There's a fair amount of confusion about what the best computer CPUs are for SOLIDWORKS. Over the past several months, I've seen blogs, forum posts, and presentations that skirt around the subject, with nebulous statements, and in some cases outright incorrect information. So, I thought I'd set the record straight.
What IS the Best CPU for SOLIDWORKS?
There is a real answer to this question, and although the specific model will change over time, the overall answer is definitive.
Ready? Here it goes:
The best CPU for SOLIDWORKS is the one that provides the best SINGLE-CORE computing performance. Period.
Why is This?
Because SOLIDWORKS, like other MCAD systems, is largely single-threaded. What's the thing you wait for most often, the thing that is never fast enough? Rebuild. And, rebuild in SOLIDWORKS is single-threaded.
Now, it's true some things in SOLIDWORKS are multi-threaded, but they are relatively minor when compared to rebuild. Sure, opening multiple files is multi-threaded, but the open file operation isn't CPU-bound, it's storage system-bound.
Creating high-quality hidden line views on drawings is multi-threaded, but that's not done all that often. Even when updates occur, it's not something you deal with every minute of every day when using SOLIDWORKS. Rebuild is and it equals performance to a SOLIDWORKS user.
So then, what's the best CPU available for SOLIDWORKS today?
Looking at www.cpubenchmark.net and cpu.userbenchmark.com, and homing in specifically on the single-core benchmark numbers, the Intel Core i7-8086K (brand-new and available in limited quantities) is the clear winner when it comes to single-core performance. The Intel Core i7-8700K is right behind it, followed closely by its predecessor (the Intel Core i7-7700K)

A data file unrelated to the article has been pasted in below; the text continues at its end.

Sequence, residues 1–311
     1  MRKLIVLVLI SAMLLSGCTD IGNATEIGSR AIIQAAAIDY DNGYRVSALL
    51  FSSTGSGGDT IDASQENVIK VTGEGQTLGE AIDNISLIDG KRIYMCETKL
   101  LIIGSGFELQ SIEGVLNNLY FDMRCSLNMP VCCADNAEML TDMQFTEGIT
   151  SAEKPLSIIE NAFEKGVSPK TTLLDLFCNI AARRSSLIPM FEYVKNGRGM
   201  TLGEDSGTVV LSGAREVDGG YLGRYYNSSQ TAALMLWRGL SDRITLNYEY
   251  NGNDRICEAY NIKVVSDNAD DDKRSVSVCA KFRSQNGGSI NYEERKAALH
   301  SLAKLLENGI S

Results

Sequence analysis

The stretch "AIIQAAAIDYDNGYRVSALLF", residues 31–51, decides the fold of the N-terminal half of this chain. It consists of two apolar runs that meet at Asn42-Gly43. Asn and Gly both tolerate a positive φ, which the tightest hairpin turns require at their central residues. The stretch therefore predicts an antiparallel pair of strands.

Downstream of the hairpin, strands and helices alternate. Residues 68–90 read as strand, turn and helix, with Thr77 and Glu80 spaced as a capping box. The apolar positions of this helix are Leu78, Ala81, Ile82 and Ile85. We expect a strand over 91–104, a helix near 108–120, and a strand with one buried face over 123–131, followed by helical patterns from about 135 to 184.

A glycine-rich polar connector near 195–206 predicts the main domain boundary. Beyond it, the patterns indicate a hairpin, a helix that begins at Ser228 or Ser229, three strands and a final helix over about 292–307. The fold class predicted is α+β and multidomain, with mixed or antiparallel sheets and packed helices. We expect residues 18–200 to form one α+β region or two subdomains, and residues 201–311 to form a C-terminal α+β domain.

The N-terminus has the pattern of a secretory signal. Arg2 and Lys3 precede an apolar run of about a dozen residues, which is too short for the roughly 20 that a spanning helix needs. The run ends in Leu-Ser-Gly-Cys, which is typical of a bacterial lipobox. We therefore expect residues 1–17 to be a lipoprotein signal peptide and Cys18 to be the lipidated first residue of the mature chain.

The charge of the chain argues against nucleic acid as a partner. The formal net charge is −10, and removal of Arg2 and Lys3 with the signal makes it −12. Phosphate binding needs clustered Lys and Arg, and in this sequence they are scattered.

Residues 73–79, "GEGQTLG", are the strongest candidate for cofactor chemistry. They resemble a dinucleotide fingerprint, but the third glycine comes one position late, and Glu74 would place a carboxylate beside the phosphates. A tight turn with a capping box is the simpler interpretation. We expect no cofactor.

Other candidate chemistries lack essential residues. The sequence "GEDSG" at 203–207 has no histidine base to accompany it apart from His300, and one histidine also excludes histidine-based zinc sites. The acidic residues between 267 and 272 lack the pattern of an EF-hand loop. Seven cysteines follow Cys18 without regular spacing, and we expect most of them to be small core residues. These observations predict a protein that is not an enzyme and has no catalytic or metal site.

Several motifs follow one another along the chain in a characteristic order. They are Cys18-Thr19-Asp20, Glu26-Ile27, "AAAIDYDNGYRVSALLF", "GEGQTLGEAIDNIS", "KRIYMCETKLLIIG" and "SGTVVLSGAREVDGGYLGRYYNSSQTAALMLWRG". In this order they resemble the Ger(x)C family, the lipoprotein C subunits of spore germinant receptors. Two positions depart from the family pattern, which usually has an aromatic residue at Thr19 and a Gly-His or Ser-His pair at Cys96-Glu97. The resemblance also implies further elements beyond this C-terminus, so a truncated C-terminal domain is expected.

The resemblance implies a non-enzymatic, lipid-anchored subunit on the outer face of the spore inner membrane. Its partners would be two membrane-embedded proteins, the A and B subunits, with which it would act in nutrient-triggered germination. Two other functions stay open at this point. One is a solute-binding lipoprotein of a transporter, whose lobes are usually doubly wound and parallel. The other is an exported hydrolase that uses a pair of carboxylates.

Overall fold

You don't have to take my word for it. There are numerous places in the SOLIDWORKS forums where Dassault Systèmes personnel discuss the single-threaded nature of much of SOLIDWORKS (especially rebuild).
A few people have even gone through actual testing over the years; a Google search will turn up a lot of hits. Puget Systems completed the most recent tests comparing CPUs for SOLIDWORKS 2017 and SOLIDWORKS 2018. You will notice in these tests that Core I9, Xeon, and AMD CPUs do NOT impact SOLIDWORKS performance in a positive way. Indeed, they are all SLOWER in SOLIDWORKS rebuild than any of the three Intel Core i7 CPUs I mentioned earlier. Looking at the CPU benchmark sites, you will see their single-core performance benchmarks are all lower, as well.
What about SOLIDWORKS Simulation?
Well, that's a more complicated situation. There are a lot of different meshers and solvers across the SOLIDWORKS Simulation portfolio, and they are all different. In general, tests done by companies, such as Puget Systems, show diminishing returns with core counts greater than six, so the two fastest SOLIDWORKS CPUs (Core i7-8086K and Core i7-8700K) would still be best for most Simulation users, as well.